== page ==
What is the value of PMP certification? I was discussing this topic with a colleague recently and found myself being somewhat defensive. Obviously, as an instructor for PMP certification, I have a significant bias toward investing in Project Management certification. So I’ve been challenging myself to ask what difference does it really make?
One opportunity that recently presented itself for consideration as to the value of certification was a class I taught in which half of the students were PMP certified. I have PMPs in my classes all the time, but I typically don’t have classes in which many or most of them are PMPs. I wondered how, or even if, this would impact the tempo or discussions in this class.
I’d say there was a flavor to the class that I think was at least, in part, attributable to the fact that so many of the students had a shared understanding about some concepts that impact project management practice. It was fun to be able to take a little more in depth look at some ideas because of a shared understanding of the basics.
I don’t want to take away from the fact that all of the students in the class were quite capable and that their corporate culture was especially supportive of an open and critical approach to learning. There were, however, definite instances in which we were able to ask questions that wouldn’t have been asked otherwise because so many of the students had confirmed, shared knowledge about the discipline.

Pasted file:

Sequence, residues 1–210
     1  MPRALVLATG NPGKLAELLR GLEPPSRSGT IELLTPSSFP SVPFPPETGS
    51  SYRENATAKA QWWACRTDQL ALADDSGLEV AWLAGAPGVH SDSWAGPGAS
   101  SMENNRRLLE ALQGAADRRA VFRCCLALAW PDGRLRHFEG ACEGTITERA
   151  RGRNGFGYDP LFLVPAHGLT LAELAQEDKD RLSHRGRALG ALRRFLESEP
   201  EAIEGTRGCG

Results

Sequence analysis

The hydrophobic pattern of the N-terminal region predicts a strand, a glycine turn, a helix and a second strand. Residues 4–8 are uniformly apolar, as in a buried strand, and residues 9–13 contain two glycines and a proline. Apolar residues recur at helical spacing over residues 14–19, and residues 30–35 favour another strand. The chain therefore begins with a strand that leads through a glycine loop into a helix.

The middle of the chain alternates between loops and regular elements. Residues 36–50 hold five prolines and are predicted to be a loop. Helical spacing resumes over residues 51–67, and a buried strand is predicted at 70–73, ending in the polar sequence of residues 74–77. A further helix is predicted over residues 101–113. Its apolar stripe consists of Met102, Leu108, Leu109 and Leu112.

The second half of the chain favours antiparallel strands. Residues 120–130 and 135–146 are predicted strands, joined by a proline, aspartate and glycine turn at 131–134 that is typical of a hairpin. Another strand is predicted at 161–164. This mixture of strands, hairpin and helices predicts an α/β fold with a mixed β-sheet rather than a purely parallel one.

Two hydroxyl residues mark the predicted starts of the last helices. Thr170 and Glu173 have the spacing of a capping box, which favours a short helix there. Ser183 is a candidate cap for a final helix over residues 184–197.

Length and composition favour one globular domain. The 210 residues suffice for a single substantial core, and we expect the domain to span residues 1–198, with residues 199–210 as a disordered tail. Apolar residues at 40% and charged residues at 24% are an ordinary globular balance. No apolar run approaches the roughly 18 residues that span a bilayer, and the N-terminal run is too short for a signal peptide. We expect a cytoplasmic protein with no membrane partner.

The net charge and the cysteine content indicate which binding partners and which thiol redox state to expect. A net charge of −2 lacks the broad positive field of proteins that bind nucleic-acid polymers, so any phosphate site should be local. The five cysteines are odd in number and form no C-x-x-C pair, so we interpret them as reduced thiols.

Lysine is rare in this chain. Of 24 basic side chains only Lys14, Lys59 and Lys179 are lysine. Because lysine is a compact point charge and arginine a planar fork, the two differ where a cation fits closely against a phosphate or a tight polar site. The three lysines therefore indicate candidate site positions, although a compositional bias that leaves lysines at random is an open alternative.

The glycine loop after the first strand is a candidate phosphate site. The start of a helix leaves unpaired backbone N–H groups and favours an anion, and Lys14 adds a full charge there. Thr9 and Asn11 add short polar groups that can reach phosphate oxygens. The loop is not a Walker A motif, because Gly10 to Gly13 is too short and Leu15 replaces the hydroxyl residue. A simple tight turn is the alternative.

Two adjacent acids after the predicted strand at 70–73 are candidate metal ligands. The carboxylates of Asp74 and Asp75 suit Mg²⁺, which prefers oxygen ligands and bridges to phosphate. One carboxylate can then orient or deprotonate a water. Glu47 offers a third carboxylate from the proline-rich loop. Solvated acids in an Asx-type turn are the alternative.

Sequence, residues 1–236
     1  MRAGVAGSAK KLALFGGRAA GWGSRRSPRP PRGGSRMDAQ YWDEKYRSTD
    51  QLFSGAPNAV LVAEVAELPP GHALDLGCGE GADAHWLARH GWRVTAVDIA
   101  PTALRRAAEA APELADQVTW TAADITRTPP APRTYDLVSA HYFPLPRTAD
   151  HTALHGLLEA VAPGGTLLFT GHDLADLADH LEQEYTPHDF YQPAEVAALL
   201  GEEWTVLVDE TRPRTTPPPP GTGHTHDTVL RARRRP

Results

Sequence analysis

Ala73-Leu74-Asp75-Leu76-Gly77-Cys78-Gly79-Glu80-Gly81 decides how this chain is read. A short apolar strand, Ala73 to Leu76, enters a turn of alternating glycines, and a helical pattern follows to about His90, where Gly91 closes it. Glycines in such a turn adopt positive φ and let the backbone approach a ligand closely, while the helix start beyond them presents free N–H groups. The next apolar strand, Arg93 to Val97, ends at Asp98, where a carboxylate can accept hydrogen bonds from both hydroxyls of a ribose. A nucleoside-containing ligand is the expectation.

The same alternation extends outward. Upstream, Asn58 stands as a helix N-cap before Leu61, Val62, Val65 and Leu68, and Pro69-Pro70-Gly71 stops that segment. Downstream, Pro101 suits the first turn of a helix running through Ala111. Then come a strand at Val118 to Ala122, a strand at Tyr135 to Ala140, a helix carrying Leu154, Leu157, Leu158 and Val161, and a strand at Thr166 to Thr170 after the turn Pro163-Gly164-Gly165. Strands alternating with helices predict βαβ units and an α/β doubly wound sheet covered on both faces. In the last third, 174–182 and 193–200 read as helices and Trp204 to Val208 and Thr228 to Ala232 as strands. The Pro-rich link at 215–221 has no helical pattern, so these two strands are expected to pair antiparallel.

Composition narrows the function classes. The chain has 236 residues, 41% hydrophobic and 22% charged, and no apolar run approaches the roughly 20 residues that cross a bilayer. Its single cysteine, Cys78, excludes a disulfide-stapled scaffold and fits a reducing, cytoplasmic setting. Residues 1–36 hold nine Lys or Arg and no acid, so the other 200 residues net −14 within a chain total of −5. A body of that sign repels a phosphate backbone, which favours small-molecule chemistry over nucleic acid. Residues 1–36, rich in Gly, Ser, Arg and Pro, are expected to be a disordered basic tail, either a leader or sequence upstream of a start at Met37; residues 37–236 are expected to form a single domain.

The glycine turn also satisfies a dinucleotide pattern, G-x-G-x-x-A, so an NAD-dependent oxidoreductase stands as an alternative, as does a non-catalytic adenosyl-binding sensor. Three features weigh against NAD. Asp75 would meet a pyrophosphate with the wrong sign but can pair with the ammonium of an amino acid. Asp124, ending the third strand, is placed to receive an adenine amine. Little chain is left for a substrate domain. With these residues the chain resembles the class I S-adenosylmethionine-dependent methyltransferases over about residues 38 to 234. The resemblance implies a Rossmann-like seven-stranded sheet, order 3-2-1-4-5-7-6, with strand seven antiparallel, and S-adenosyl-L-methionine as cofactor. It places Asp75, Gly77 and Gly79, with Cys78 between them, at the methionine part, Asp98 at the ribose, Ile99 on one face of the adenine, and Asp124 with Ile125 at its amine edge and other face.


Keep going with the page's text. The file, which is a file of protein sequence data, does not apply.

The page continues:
I also think about a student I have had for a number of classes who got his PMP recently. His presence in class and his role as a team lead in class has changed demonstrably since his certification. It’s as though certification has given him a confidence to really work with concepts and dig a little deeper than he might otherwise when he was less certain about his skills and knowledge.
No one’s skills are really changed as a result of certification, of course. Just like having MD after your name doesn’t make you a good doctor, having PMP after your name doesn’t make you a good project manager. But that’s not to say that certification is insignificant. If I can see the impact as an instructor in the classroom, surely that means something on the corporate project floor.
As we approach 400,000 PMPs, I hope that the value of certification isn’t diluted. It doesn’t make us good but it does affirm what we know and it gives us a starting point for more substantive discussions.
Thinking about earning your PMP Certification?
1) Check out the certification page on the PMI website for requirements and application instructions.
2) Read our PMP Frequently Asked Questions page.